block schedule
Image: fauxels

In our working lives, time reigns supreme. We’re governed by our priorities and by what we can reasonably accomplish on any given day. But working to the best of our ability with the time available to us doesn’t happen by chance. Instead, we need to have an effective time management technique in place if we’re going to maximize every hour and minute. One of the most productive solutions available is the block schedule.

Block scheduling involves dividing your day into broad but distinct blocks of time. Each of these blocks is then dedicated to certain types of tasks. The idea is that, rather than multitasking or haphazardly jumping between projects, you allocate dedicated time to different responsibilities. This helps you stay focused, boosts your productivity, and improves your work satisfaction.

While block scheduling is similar to time blocking, there are some important differences — we’ll explore these in a minute.

Table of Contents

What is a Block Schedule?

A block schedule is a time management strategy that helps you structure your day into blocks of time dedicated to distinct areas of your work and life. If you tend to switch quickly between tasks, get distracted easily, or battle to do deep, focused work, a block schedule can help you stay on track.

By organizing your day into structured blocks, you’re forced to examine your priorities closely, and set aside time to work on those that are the most important. It’s best to plan these tasks around your most productive hours — an automatic time tracking tool like Timing can help you here. The next step is to organize your schedule by blocking out your time, while making allocations for work breaks and personal time, too.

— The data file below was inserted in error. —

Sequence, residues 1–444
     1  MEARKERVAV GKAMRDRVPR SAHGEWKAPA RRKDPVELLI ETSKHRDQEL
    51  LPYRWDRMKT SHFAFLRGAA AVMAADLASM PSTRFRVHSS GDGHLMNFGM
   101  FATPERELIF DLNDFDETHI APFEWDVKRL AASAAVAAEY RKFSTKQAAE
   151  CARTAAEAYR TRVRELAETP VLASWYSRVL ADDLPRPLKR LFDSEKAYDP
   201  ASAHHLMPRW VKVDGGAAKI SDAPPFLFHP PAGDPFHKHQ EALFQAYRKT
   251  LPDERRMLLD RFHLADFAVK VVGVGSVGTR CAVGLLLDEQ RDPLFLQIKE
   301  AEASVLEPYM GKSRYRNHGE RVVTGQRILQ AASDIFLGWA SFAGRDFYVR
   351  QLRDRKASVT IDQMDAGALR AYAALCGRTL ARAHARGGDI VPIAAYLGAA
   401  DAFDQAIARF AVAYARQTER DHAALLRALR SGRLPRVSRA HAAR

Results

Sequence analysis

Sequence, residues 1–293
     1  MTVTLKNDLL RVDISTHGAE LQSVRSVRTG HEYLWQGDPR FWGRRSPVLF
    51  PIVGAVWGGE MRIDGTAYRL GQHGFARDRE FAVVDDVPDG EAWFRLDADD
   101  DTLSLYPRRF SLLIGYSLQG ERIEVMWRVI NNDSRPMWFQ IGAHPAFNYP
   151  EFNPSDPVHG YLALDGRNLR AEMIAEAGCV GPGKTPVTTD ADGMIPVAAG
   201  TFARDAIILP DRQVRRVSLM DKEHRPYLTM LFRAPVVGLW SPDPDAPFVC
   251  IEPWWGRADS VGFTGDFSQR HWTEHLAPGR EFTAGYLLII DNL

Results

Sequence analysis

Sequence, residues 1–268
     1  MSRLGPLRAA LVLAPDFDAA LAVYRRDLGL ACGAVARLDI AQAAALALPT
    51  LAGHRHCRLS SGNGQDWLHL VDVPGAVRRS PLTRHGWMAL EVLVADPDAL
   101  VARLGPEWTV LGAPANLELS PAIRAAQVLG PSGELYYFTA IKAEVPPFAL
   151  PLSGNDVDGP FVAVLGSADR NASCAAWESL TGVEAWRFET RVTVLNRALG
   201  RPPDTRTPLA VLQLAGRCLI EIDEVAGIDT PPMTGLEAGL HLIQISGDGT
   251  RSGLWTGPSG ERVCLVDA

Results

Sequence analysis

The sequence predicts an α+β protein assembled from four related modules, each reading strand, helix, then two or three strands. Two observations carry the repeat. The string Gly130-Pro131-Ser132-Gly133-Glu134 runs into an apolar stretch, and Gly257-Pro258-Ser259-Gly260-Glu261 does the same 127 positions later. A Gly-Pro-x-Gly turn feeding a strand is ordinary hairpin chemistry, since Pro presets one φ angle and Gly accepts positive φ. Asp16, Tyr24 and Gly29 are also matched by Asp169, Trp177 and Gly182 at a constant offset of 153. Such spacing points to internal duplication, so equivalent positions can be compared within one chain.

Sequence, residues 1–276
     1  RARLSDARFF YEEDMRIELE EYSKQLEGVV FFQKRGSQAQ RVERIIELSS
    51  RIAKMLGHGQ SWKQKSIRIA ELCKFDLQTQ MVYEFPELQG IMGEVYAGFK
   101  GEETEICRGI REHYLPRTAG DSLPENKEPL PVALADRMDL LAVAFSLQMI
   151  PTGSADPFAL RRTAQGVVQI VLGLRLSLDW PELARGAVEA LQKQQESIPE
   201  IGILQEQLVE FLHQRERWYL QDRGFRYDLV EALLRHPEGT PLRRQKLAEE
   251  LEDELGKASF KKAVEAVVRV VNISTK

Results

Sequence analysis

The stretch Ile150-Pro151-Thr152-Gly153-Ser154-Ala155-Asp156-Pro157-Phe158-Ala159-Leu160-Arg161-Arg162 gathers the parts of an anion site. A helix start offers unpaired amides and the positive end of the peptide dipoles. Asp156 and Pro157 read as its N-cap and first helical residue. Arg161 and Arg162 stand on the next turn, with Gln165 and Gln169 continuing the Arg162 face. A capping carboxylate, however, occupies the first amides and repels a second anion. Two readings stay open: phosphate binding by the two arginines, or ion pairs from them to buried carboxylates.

Monitoring your efficiency and productivity over time can help you to assess how well this approach is working for you. Everyone manages their time a little differently, and it’s important you find the right solution.

Time Blocking vs Block Scheduling

Since they’re so closely related, it’s worth taking a moment to compare block scheduling and time blocking. While both are time management techniques that involve allocating specific blocks of time for various tasks or activities, they do have some differences. Which one you prefer will depend on your personal preferences and needs.

Time Blocking

Let’s take a look at some of the key features of time blocking:

  • Time blocking involves breaking your day into distinct time intervals — 30 minutes, an hour, two hours — and assigning each block to a particular task, project, or activity.
  • These blocks can be highly detailed and specific, allowing you to plan your day down to the minute.
  • Time blocking is often used by people who prefer a structured and detailed approach to managing their time. It can be particularly effective for freelancers and small teams who are struggling to manage busy schedules and multiple responsibilities. Elon Musk and Bill Gates are among its most famous proponents.